“Such risks might be one reason for Russian President Vladimir Putin to think twice about ordering a military invasion of Ukraine. But, should war come, combatants must do all they can to keep conflict away from the nuclear sites and the off-site power sources feeding them.”
“If neither the Slavophiles nor the Westernizers can carry the entire territory, some kind of separation starts to look inevitable. Such a separation might come about as paramilitary groups establish local supremacy. Or it might happen as a result of Russian intervention, as in Armenia, Moldova and, later, South Ossetia,” writes Daniel Hannan in The Telegraph. “It is easy enough to imagine Russian security forces crossing the border at the request of local proxies and establishing a de facto Russophone state. The Trans-Dniester Republic still exists, unrecognized but very much in force, on Ukraine’s western border; why not a Trans-Dnieper Republic to its east?”
“Does Nato have the will to prevent such a development? If not, what are our options? If a partition is coming anyway, might it not be better to take ownership of the process: to see that the border is decided peacefully and by referendum rather than by military occupation?”
“Crimea could become a part of Ukraine that is not really ruled by Ukraine,” argues Anne Applebaum in the Washington Post. “Clearly, the men with machine guns are not the product of a chaotic social movement, as were the protesters in Kiev. Someone bought them their unmarked uniforms, and somebody planned their carefully timed arrival on the scene. Their presence, coupled with major Russian military exercises in the area, may be intended to encourage separatism. So are the warnings that the Russian media have issued about “fascism” and extremism in Kiev. And if separatists don’t appear in large numbers, then the issue can be used anyway, as a constant source of anxiety and tension for the fragile new government in Kiev.”
"Argentina and Venezuela have run out of heterodox policy tricks," writes Dani Rodrik for Project Syndicate. "Brazil and India need new growth models. Turkey and Thailand are mired in political crises that reflect long-simmering domestic conflicts. In Africa, concern is mounting about the lack of structural change and industrialization. And the main question concerning China is whether its economic slowdown will take the form of a soft or hard landing."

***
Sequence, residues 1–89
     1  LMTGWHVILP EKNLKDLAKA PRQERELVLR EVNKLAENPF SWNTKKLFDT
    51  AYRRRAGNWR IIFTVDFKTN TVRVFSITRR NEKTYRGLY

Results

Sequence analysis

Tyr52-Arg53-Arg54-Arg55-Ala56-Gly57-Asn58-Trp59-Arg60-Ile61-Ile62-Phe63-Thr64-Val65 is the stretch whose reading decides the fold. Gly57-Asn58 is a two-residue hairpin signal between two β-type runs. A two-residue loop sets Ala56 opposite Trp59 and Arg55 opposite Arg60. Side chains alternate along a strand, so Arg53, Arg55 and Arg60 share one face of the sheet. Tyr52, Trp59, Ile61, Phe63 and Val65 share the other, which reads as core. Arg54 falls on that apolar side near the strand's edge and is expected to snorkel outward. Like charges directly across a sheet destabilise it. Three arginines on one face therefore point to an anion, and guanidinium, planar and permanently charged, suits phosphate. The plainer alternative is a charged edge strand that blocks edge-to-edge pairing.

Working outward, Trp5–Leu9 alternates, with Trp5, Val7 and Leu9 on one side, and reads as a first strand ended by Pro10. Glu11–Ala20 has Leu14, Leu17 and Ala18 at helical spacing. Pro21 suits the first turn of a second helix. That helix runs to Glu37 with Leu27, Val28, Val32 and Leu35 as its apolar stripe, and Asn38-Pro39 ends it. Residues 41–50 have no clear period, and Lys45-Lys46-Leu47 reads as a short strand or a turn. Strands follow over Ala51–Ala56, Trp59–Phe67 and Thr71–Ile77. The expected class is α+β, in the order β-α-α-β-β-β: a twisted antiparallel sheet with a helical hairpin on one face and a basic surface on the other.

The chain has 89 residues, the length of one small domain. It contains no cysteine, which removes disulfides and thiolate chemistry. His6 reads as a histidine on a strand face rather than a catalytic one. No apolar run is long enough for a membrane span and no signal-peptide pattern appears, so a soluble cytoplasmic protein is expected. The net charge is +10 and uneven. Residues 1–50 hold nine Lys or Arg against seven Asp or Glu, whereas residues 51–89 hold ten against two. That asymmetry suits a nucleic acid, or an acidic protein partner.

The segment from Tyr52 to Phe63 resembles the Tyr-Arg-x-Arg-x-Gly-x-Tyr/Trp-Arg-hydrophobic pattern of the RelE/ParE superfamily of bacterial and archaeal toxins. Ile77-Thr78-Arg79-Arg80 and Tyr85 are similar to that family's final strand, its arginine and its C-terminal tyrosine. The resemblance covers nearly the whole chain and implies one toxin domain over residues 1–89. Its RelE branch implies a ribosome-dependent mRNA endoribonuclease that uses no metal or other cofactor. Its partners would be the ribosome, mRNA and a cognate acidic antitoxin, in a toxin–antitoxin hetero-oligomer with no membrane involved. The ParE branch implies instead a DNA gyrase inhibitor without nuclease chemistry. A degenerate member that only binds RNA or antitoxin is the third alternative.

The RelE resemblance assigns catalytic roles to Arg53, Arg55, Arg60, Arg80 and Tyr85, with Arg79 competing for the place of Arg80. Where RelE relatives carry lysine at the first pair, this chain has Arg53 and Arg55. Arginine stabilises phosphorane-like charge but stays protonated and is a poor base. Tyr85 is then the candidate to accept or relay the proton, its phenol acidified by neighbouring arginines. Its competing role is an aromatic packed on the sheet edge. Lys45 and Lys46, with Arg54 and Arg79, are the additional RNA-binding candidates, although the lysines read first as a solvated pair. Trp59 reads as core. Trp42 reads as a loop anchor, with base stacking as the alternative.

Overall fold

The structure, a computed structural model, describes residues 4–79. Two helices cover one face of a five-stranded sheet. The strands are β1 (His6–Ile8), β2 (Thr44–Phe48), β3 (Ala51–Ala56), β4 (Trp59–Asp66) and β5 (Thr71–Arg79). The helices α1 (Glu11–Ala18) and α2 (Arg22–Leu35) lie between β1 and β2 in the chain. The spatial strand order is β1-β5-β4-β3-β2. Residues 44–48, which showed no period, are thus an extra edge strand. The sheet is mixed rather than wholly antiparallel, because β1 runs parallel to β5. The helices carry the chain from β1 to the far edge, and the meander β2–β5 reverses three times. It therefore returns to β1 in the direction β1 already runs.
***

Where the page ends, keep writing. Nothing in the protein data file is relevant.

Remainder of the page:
"This is not the first time that developing countries have been hit hard by abrupt mood swings in global financial markets. The surprise is that we are surprised. Economists, in particular, should have learned a few fundamental lessons long ago."
“It’s never made a bit of sense for health-care benefits to be routed through employers. The system emerged in the U.S. by accident,” writes Ezra Klein for Bloomberg. “Wage controls during World War II made it impossible for companies to attract workers by offering higher salaries. Because health benefits were exempt from high wartime taxes, companies began using them to attract talent. After the war, unions joined employers in pressuring Congress to ensure employer-based health benefits were never taxed. So the U.S. emerged with an odd system in which a dollar of untaxed employer-based health benefits was worth much more to a worker than a dollar of taxed salary. Employers became the main vehicles for insurance not because anyone thought it was a good idea, but because the tax code made it a bargain.”
The Global Public Square is where you can make sense of the world every day with insights and explanations from CNN's Fareed Zakaria, leading journalists at CNN, and other international thinkers. Join GPS editor Jason Miks and get informed about global issues, exposed to unique stories, and engaged with diverse and original perspectives.
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Check out all of Fareed's Washington Post columns here:
Obama as a foreign policy president?
Why Snowden should stand trial in U.S.
Hillary Clinton's truly hard choice
China's trapped transition
Obama should rethink Syria strategy